2. Call Wire.write(byte) to send it data
    3. Call Wire.endTransmission() to stop transmitting data to the device

While I2C seems harder to use, I found the logic flow of an I2C sketch to be clearer than SPI. Check out this example for how I2C is used in practice, and the Arduino reference for I2C can be found here.

After collecting the data, the next step is to send it somewhere for analysis.

Step 3: Send the data for analysis

An Arduino used in a data analysis process typically sends its data to another device for analysis. This device is typically a desktop or laptop computer, a Raspberry Pi, or the cloud.

Arduino boards in general are capable of sending data in the following ways:

  • Ethernet or WiFi
  • Bluetooth
  • USB mass storage device
  • Serial connection
  • SD card

Some of these methods may not be available on all Arduino (e.g. UNO Rev 3 doesn’t have Bluetooth built in), and some can be added by shields (e.g. a Bluetooth shield or an SD card shield). I’ve found the easiest ways to send data from an Arduino for data analysis are by using WiFi or an SD card.

If you want to know more about which communication methods are supported by which Arduino, this is one of the points I covered in my guide on the best Arduino for people starting out, check it out here:

I send data from my Arduino to a computer for analysis, typically using Ethernet, WiFi, or flash storage (SD card)

Sending sensor data from an Arduino generally involves:

  1. Save the data from the sensor in the Arduino’s memory (see Step 2 above)
  2. Open a connection to another device (e.g. WiFi), or open a file on an SD card
  3. Write the data to the connection or to the file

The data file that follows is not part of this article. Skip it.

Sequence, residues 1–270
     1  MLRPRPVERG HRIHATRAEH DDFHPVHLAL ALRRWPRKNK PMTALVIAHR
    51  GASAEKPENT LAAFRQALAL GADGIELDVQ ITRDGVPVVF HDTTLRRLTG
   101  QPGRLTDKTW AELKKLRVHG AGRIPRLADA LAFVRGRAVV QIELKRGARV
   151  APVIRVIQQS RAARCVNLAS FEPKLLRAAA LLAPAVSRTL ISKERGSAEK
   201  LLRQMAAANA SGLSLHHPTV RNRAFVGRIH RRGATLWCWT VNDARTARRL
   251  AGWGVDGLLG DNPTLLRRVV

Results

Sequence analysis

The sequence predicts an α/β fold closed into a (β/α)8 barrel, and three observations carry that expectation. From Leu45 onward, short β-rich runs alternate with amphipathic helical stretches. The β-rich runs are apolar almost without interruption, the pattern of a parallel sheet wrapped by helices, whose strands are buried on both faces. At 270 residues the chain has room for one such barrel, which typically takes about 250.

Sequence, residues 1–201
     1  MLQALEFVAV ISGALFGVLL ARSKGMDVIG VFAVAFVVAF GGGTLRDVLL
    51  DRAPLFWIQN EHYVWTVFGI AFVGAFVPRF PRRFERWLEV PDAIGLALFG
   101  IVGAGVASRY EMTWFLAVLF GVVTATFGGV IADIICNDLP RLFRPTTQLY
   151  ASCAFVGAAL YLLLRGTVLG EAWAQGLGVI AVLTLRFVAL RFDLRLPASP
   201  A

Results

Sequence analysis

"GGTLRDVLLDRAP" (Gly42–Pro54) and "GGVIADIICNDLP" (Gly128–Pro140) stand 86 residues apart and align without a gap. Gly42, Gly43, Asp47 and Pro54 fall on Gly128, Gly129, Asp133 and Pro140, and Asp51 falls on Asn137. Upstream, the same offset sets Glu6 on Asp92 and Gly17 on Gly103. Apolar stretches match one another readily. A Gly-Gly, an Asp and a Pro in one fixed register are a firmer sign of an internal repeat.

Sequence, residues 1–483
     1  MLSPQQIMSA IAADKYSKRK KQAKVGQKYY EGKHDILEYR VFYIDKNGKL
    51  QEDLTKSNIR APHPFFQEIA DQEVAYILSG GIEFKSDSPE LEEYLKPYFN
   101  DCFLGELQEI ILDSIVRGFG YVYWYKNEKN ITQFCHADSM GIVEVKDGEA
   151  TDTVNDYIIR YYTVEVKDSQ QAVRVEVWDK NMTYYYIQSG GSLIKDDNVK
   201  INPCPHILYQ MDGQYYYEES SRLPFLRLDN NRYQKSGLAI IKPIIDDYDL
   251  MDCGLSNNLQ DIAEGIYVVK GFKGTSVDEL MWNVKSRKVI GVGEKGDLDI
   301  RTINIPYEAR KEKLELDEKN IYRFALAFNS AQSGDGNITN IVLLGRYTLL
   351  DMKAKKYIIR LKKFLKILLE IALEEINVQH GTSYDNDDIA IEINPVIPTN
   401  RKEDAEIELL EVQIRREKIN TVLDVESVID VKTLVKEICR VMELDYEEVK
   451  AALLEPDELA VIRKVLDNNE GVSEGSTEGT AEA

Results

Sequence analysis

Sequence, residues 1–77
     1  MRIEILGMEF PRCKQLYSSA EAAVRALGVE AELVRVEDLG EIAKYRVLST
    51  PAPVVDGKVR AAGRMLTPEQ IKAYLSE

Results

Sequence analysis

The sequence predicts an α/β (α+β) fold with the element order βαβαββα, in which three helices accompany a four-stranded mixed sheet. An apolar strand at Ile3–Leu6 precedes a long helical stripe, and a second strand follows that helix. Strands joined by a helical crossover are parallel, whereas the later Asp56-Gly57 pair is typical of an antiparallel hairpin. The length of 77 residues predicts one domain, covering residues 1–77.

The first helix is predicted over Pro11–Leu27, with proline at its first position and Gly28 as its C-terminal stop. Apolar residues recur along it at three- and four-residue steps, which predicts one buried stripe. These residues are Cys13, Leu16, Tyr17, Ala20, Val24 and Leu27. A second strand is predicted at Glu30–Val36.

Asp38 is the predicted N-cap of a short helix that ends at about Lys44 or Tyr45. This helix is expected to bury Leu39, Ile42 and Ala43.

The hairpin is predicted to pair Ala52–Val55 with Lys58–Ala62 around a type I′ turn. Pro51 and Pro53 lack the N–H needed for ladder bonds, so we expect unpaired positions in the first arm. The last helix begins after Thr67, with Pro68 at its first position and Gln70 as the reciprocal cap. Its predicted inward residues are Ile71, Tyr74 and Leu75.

For detail on how to use an SD card, check out this example of a data logger on the Arduino website. The reference for the SD card library can be found here.

For detail on how to use a WiFi connection, check out my WiFi guide here: (scroll down to the How to use section)

While an Arduino can do basic analysis tasks (such as filtering out erroneous readings), I prefer to leave all analysis to a more powerful computer. My engineer’s brain always has me looking for the best tools for the job: An Arduino is great at reading data from sensors, a more powerful computer is great at analysing data.

Step 4: Analyze and visualize the data

Once the data is sent to another device, it can be analysed and displayed for decision making.

Typical data analysis tasks that are applied to data collected by Arduino include:

  • Filtering of data – do we want to see data over a certain time period; do we want to remove outliers?
  • Categorisation – Grouping the data into categories (though typically with an Arduino analytics process, we took care of this in Step 1 when we decided which sensors we were going to use);
  • Correlation – comparing 2-3 categories of data, including comparing over time, to see if there is any relationship between them.

The easiest way I’ve found to analyse this data is to use Excel. to use Excel with data collected by an Arduino, first save that data as a CSV file, then open the file in Excel and convert it to Excel’s format.

Alternative (and cheaper) ways to analyse data include:

  • Python, using the Pandas library
  • Ruby
  • Directly in visualisation tools such as Tableau or Power BI

Arduino also offers its Cloud IoT service which is free to begin with and then $2/month if you want to work with a few different devices. Details of Arduino Cloud IoT can be found here.

Visualising data uses similar tools. The best ways to visualise data that has come from an Arduino include:

  • Drawing graphs in Python or Ruby on a computer
  • Using Excel
  • Connecting to the Arduino Cloud
  • Building a dashboard on another device (e.g. Raspberry Pi)
  • Connecting to another third party service such as Tableau

Want to setup a data dashboard using Raspberry Pi? I wrote a guide on how to get started displaying data with Raspberry Pi here:

I’ve found the Arduino to be a great tool as part of a data analysis process. It’s great at collecting data and sending that data to another tool for processing. Arduino does this in a very efficient way, efficient in terms of the time you spend setting it up, the costs involved, and even the amount of power it uses (not much!). If you’re interested in reading more about Arduino, check out all the great guides we have here:

Chris enjoys working with data, software, and electronics. Analysing data with Arduino is the perfect overlap of these interests. Chris shares his knowledge here hoping you’ll get excited about the potential of uses of these areas as well.


Engineer and electronics enthusiast. Enjoys solving problems with electronics and programming.